I know this is the exception rather than the rule. Therefore, I want to send a note of enormous love to every teacher who makes eye contact, reads students’ body language, sets clear expectations for classroom respectful behaviour, and keeps a close eye on the more vulnerable students. You are a bigger saviour than you realize.
Creating Spaces of Belonging
Let’s also not underestimate the power of creating engaging physical spaces for learning too. Childhood educators and elementary teachers do this so well. From colourful posters to art on the walls to cozy chairs to places for play and other spaces for quiet, everyone has a “feeling” when they arrive in the classroom. However, by the time you get to high school, the spaces can feel very “clinical” with cinderblock walls, grey paint, and the same standard-issue chalkboards (or, if the district is wealthy enough, smartboards). Where is the personality? Where is the “welcome to learning!” If there is anything on the walls, it’s usually subject-related (e.g., the French alphabet on the walls) rather than something that students can connect with. Something the students would value.
My husband is a high school business teacher. When he was young, he didn’t find school particularly easy or enjoyable. Likely for this reason, and because he’s a fun human, he constantly asks himself, “Hum, what would make this place more fun? What would spark students’ curiosity? What might help kids forget the heavy stuff in their lives?” Every time he reflects on this, he adds something to his classroom.
Mark’s classroom has becomes a beacon for both his current students, as well as his past students. Daily, students he no longer teaches come by in groups to get stickers, grab a gumball, or tour the other students through the wacky swag. He’s even started creating “scenes”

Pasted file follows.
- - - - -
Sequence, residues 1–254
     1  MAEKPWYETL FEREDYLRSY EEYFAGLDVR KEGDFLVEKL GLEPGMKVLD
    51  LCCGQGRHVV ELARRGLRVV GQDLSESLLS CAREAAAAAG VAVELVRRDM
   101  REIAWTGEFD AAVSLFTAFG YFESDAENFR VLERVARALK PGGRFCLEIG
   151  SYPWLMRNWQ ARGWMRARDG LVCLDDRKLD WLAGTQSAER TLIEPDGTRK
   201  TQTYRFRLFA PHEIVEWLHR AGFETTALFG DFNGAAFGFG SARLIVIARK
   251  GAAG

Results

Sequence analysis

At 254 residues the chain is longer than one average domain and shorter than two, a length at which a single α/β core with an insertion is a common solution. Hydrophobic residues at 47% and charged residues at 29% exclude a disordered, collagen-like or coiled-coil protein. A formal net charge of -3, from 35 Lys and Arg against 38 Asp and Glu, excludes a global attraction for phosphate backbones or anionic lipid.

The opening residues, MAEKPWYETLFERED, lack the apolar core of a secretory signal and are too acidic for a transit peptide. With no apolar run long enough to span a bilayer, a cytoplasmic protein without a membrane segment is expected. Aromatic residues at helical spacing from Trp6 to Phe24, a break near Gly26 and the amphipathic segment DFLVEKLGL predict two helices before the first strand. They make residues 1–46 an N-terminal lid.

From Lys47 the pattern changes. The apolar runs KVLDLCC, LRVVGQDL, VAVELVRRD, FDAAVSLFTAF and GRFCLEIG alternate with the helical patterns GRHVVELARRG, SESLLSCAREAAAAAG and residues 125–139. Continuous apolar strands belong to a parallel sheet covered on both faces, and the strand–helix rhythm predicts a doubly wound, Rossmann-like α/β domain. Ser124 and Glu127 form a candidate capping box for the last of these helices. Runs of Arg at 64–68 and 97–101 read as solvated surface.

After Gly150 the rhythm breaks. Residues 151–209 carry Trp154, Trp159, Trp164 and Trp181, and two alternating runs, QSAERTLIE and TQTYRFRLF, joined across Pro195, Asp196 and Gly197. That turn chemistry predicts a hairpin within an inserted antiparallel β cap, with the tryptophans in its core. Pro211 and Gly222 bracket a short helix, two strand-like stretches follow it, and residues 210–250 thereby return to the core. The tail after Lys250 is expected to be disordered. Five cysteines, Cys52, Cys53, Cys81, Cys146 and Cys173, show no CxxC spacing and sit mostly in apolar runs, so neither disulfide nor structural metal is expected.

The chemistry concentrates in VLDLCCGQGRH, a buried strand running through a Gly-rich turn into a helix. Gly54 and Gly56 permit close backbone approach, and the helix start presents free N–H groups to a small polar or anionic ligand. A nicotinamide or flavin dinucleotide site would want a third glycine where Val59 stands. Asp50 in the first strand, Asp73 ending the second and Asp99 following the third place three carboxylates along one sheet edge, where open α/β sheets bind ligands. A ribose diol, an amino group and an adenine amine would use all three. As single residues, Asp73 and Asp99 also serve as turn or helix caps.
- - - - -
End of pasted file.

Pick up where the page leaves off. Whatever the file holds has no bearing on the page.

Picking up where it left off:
(Click on the pic to view a video on the unveiling of this masterpiece!)
If you went to his classroom, you would be able to:
- Grab some gumballs for free
- Listen to a mini Metallica concert
- Check out some silly “warning” pictures
- Grab some stickers
- Pick a temporary tattoo
- Play with some vintage toys
- Get a selfie with a flip phone (do those exist anymore?!) or rotary dial phone
- Fight the Mr. McVanel bobblehead
- Walk by the BillyBass singing fish
- Put a pin on the world map of where your family is from
- Turn on the (real-size) stoplight
- Listen to a tape on a Walkman
- Walk down 80’s movies/music memory lane on the poster wall
- Explore some “failed” marketing products
Imagine knowing you’d be going to school to a friendly teacher to learn something, and the classroom would be inviting.
Taking a Pause to Appreciate Our Teachers
I grew up in a household where I heard over and over again at the dinner table that it “must be nice” anytime teachers came up. “Must be nice to have summers off.” “Must be nice to have such a big pension.” “Must be nice to….” It didn’t put us in a headspace of seeing the extra gestures that our very special teachers gave us. I’m not saying my sis and I weren’t good students. We were actually (we come from a long line of people pleasers, after all). However, I know I didn’t look around in awe and wonder at the little things teachers did for us.
Looking back, I think I missed out on hundreds of opportunities to thank them in special moments:
- For not making me feel stupid when I asked a question
- For greeting me in the hall and acknowledging my name
- For remembering something about me
- For showing up to my drama and dance performances in their off time
- For coaching me (and believe me, I needed a LOT of coaching!)
- For writing letters of recommendation for uni or being a reference for jobs
- For noticing something was wrong (even when I didn’t tell them what)
Because I can’t go back in time, what I can do is say thank you to the teachers that we are lucky enough to have in the profession. Let’s channel some love to those that make students feel important, create safe spaces, and make school fun.
Will you help me for Teacher Appreciation Week from May 8-12 to thank at least one educator – early childhood educator, elementary school teacher, high school teacher, college instructor or even university professor – to feel valued for the impact they make? Remind them of what a difference they make. They, like all of us, need sometimes reminding that their work matters and it’s noticed.
This isn’t our first blog that included teachers or learning…here are a few more to check out: